“The only way out of the labyrinth of suffering is to forgive.”
Before. Miles “Pudge” Halter is done with his safe life at home. His whole life has been one big non-event, and his obsession with famous last words has only made him crave “the Great Perhaps” even more (Francois Rabelais, poet). He heads off to the sometimes crazy and anything-but-boring world of Culver Creek Boarding School, and his life becomes the opposite of safe. Because down the hall is Alaska Young. The gorgeous, clever, funny, sexy, self-destructive, screwed up, and utterly fascinating Alaska Young. She is an event unto herself. She pulls Pudge into her world, launches him into the Great Perhaps, and steals his heart. Then. . . .
After. Nothing is ever the same.
This concludes my book adventure for the John Green books, as this is the last book on my list for John Green books, and the first book John published. Ironic. I loved it. As usual, John blows me away with his words, ideas, and plot. I. Loved. It. As this was John’s first book, I imagine he relied heavily on prior knowledge. This book has a main character who loves last words. Then someone close to him dies, and he will never find out what their last word were. It is so sad, and so happy. It touched me. So deep. It is a love story of sorts, but [***] The Fault in Our Stars [***] outranks it in the romance genre.
If you were to ask me what my favorite Green book is, I would have no answer. I would tell you that there is no such question. Each book has a different moral with new characters, and a weird interesting cool sense of humor. I recommend this book to everyone who is out of elementary school. #JohnGreen #AlwaysReading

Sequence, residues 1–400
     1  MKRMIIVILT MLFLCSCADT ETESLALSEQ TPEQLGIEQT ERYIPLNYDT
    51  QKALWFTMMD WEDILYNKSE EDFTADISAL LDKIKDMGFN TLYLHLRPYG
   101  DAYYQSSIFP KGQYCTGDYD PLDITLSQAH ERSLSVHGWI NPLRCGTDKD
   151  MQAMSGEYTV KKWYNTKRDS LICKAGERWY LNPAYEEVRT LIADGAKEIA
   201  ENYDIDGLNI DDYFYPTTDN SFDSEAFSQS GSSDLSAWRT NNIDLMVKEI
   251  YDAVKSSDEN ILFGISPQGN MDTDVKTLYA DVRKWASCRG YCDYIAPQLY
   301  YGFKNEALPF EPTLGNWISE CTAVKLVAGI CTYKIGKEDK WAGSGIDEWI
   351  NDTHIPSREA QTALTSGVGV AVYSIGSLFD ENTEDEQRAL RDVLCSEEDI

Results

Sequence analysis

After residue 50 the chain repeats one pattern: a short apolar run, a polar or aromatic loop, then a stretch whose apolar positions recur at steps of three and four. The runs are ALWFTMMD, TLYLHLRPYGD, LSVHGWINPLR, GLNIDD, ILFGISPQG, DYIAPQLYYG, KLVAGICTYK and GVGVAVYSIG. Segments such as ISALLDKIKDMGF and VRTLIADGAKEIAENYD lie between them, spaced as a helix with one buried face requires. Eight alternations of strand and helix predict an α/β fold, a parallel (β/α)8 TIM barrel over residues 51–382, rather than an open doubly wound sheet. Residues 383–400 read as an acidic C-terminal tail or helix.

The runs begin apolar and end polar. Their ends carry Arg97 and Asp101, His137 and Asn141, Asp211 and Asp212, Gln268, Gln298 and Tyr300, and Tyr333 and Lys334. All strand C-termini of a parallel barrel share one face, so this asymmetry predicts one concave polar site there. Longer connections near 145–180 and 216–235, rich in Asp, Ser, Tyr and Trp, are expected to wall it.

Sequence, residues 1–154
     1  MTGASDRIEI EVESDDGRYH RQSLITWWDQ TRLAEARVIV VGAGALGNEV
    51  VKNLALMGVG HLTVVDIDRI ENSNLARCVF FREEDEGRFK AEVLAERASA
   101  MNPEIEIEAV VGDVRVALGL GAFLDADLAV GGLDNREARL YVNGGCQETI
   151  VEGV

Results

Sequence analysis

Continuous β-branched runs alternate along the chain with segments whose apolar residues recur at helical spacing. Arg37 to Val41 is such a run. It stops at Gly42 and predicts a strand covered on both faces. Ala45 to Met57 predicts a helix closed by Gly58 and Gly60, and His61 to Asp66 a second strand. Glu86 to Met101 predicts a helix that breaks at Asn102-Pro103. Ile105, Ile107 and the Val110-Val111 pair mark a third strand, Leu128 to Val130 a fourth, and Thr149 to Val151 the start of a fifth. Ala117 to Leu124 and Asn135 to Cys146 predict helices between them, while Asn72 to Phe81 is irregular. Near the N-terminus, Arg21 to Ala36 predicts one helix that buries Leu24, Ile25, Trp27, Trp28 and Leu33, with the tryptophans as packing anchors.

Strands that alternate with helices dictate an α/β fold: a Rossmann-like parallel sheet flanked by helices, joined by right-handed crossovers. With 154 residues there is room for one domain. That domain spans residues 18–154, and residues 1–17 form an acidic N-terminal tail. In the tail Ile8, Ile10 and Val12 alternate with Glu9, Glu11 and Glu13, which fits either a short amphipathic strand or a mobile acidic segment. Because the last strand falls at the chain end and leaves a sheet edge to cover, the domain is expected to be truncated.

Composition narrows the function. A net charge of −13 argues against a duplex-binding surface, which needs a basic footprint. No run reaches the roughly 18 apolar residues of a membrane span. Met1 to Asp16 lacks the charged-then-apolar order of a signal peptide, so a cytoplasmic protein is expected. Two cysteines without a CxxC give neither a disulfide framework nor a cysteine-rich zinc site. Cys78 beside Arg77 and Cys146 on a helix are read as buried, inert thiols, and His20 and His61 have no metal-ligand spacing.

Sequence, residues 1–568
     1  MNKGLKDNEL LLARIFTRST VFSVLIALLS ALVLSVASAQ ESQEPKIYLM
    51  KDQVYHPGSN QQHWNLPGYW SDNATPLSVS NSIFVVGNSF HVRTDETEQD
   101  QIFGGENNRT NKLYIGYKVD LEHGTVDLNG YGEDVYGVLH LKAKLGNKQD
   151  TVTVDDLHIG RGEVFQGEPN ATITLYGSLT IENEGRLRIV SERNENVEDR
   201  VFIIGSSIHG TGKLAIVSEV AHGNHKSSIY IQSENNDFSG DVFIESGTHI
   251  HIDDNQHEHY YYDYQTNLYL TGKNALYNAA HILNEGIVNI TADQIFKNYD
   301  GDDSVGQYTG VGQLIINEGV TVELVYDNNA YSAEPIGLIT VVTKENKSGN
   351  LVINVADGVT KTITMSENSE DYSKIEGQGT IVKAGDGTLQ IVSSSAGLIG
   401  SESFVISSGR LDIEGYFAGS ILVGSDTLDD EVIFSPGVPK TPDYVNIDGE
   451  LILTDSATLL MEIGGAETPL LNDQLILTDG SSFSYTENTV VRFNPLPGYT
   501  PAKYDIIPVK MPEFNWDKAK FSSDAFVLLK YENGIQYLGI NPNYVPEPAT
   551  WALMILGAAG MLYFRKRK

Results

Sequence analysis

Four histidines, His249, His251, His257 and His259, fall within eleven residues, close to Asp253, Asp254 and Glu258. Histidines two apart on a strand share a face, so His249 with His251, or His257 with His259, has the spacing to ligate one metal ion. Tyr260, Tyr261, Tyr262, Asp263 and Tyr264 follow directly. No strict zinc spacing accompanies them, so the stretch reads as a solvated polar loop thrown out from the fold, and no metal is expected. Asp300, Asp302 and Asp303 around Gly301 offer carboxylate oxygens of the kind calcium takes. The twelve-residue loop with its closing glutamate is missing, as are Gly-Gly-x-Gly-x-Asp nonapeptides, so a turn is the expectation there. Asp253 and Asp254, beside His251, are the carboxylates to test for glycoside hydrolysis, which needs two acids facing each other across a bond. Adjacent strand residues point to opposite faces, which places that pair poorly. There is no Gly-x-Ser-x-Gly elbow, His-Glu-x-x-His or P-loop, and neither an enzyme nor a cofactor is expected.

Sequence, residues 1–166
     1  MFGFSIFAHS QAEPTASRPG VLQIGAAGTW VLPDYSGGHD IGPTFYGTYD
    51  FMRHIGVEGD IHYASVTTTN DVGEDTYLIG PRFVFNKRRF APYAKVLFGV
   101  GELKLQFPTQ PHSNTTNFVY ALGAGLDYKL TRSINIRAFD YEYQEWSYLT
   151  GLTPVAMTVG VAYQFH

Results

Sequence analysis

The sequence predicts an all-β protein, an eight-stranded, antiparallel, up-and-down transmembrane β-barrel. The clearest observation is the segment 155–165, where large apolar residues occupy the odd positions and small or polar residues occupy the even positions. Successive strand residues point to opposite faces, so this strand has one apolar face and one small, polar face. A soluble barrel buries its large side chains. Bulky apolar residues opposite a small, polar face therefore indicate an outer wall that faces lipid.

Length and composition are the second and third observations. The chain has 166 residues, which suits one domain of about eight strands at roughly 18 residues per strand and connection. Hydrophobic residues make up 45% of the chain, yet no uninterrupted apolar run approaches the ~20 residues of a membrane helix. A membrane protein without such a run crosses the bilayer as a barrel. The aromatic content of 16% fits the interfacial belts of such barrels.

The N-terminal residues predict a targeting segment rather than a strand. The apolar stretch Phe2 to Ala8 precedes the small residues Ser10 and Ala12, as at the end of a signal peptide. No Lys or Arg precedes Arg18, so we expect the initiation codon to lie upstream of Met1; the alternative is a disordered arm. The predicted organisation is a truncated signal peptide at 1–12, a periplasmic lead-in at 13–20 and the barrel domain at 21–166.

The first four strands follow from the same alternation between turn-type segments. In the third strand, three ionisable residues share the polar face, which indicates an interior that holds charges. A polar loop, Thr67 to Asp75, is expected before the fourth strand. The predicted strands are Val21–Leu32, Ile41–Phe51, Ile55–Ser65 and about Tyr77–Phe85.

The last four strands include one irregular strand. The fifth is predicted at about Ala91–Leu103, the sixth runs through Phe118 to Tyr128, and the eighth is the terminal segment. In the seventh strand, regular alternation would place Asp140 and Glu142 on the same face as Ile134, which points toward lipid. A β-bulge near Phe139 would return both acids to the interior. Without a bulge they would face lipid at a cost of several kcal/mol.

I have been working on a book trailer for this book, so look for it in the near future
“When adults say, “Teenagers think they are invincible” with that sly, stupid smile on their faces, they don’t know how right they are. We need never be hopeless, because we can never be irreparably broken. We think that we are invincible because we are. We cannot be born, and we cannot die. Like all energy, we can only change shapes and sizes and manifestations. They forget that when they get old. They get scared of losing and failing. But that part of us greater than the sum of our parts cannot begin and cannot end, and so it cannot fail.”
“Thomas Edison’s last words were “It’s very beautiful over there“. I don’t know where there is, but I believe it’s somewhere, and I hope it’s beautiful.”
“So I walked back to my room and collapsed on the bottom bunk, thinking that if people were rain, I was drizzle and she was a hurricane.”
“Imagining the future is a kind of nostalgia. (…) You spend your whole life stuck in the labyrinth, thinking about how you’ll escape it one day, and how awesome it will be, and imagining that future keeps you going, but you never do it. You just use the future to escape the present.”
Where to read Looking for Alaska
*If you are unaware, I have a video on how to use Indie Bound as a resource on how to find books
**Also, if you have a Windows Phone, there is a really good EPUB reader app called Bookviser Reader. You can check out their website here.
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Happy Reading . . .